Anyone can participate in the Book Bomb as an individual - the cool thing is that it only takes a single participant to get a book into the hands of a young reader and make this book drop worthwhile. I've purposely designed the MGBB to allow it to be either a single random act of literary kindness - or a super exciting, very manageable, zero-cost, community event.
If you're interested in getting your community to participate along with you, here are a few ideas:
1. Approach your local library, shops, and community clubs and ask them to participate by hiding one book, or more, on the appointed day. Also wrangle your own family and friends to hide a book as well. Keep track of how many people/organizations commit to participate so you'll have a rough number of how many books will be hidden. There's no use advertising all over town for weeks if you only end up with half a dozen books. You should be doing this through May - June.
2. Print off these web pages and pass the info along to community leaders, influencers, and local teachers and librarians. The info should be provided to local schools before they let out for the summer. You can also approach local writer's groups, homeschool groups, after-school clubs, and community outreach programs. You should be doing this through June.
3. If your town is large or spread out, it might be best to choose one area where the books will be hidden. If you anticipate only a few participants, choose a small area like a park. If you expect twenty or more participants, choose an area that encompasses several blocks. For example, my town has a vibrant, family-friendly, central downtown neighborhood ideal for a medium-large group of participants to hide books in. Be aware that if you focus the event on a particular area and plan on having a large group of participants, you may need to approach the town business bureau or planning committee.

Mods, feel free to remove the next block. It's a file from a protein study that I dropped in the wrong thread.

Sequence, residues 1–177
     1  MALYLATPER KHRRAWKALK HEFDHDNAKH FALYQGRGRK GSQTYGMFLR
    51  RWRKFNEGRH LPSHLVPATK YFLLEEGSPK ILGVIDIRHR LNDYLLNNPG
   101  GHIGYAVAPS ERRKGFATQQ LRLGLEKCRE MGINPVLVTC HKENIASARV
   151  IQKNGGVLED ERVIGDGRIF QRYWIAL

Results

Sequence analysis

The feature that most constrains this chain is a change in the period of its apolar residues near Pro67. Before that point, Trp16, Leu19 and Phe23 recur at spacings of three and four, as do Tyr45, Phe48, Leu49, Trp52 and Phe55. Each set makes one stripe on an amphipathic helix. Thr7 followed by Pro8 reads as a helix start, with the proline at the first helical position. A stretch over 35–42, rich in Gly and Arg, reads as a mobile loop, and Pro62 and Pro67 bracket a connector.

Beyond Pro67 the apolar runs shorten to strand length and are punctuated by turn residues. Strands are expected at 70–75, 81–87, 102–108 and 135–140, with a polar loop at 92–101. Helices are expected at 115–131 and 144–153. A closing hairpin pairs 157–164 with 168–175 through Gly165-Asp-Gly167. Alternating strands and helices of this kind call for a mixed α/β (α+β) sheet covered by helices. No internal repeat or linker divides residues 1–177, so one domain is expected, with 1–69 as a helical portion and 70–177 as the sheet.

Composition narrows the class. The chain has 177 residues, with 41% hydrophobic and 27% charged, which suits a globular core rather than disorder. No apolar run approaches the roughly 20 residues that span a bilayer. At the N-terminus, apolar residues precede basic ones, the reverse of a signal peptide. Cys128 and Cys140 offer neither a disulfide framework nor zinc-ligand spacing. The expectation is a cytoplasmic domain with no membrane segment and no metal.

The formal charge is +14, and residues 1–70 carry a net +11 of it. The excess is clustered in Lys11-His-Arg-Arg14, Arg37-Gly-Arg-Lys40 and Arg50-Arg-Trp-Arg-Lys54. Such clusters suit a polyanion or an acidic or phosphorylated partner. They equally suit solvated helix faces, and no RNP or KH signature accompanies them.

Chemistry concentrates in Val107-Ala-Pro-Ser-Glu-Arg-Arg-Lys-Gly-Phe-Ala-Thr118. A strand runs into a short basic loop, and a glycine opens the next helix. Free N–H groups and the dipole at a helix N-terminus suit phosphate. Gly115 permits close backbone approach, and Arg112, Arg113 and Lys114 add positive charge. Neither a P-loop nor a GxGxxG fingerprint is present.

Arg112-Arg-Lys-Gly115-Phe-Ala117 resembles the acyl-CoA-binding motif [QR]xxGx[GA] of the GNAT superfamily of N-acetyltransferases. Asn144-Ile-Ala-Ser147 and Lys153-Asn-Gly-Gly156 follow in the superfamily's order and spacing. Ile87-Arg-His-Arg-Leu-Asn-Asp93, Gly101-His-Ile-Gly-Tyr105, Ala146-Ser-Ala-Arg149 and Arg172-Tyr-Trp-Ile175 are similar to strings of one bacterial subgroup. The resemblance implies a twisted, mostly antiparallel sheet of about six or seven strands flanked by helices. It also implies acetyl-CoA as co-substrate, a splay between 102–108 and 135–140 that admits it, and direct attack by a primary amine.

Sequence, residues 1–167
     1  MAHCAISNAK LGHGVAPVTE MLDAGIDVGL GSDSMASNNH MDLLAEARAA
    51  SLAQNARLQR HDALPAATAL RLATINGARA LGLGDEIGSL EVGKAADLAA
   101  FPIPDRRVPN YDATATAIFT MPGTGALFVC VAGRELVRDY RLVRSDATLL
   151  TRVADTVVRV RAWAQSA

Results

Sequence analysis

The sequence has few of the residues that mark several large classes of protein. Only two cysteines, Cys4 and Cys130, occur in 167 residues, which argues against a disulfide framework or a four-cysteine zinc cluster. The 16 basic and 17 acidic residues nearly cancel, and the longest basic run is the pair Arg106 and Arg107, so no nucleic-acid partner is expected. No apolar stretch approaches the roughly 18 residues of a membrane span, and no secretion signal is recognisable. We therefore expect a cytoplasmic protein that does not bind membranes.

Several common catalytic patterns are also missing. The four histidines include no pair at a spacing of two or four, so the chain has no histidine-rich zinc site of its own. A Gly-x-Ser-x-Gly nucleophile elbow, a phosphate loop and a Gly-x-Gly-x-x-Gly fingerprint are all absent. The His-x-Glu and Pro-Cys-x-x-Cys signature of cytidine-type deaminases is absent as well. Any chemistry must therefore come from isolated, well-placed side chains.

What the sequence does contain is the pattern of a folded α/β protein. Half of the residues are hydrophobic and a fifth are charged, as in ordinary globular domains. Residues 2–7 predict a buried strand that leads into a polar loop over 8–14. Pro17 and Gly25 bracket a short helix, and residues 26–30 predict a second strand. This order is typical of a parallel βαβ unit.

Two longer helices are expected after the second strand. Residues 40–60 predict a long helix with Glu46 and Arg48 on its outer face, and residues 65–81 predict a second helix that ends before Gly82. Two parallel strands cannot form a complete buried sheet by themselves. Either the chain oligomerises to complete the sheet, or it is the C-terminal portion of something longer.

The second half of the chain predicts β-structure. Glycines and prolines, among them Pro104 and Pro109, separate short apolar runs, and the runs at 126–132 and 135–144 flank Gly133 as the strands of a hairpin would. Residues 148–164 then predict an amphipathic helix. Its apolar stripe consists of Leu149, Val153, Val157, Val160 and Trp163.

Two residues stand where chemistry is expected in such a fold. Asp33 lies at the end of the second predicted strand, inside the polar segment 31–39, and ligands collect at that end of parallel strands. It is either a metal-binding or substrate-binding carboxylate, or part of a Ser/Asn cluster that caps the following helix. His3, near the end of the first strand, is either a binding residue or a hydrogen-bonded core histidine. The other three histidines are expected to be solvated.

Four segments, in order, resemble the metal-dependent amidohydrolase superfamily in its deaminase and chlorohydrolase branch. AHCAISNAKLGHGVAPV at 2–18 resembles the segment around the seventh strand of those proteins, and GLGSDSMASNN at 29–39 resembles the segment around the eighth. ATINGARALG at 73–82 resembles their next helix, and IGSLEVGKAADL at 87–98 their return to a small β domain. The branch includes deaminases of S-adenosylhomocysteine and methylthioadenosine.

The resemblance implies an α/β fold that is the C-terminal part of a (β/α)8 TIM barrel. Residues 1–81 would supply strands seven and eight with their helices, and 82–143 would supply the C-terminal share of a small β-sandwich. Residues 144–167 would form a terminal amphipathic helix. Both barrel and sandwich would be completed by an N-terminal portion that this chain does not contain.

4. Create your own "public" LOCAL facebook fanpage for the event where you can post and link all the info. The name of your community should be included in the name of the page. For example, Lethbridge Middle Grade Book Bomb. Encourage participants to follow the page so they can post their own photos and clues on the day of the drop - also encourage them to use the hashtag #mgbookbomb on other social media sites. I've included logos below for your use. (working on these now - they'll be up soon) You should do this 3-4 weeks before the drop.
5. Print off the posters I've provided below (coming soon) - or make your own - and hang them in places frequented by families - grocery stores, libraries, community centers, etc. You should do this 7-10 days before the drop.
6. Make an ad that can be posted free to local garage sale and give-away sites, like Kijiji, or on local Facebook give-away groups. Post the day before the drop.
I've kept this event flexible on purpose so it can shaped to suit individual communities, but please keep in mind that you are participating in a global event. You must use the name Middle Grade Book Bomb and the hashtag #mgbookbomb. You should use the materials I've provided where possible. The event should not be used to make money, or held in conjunction with any other event or project. The event must be focused on readers in the middle grades, ages 8-14.
Enjoy every minute! I can't wait to see your pictures!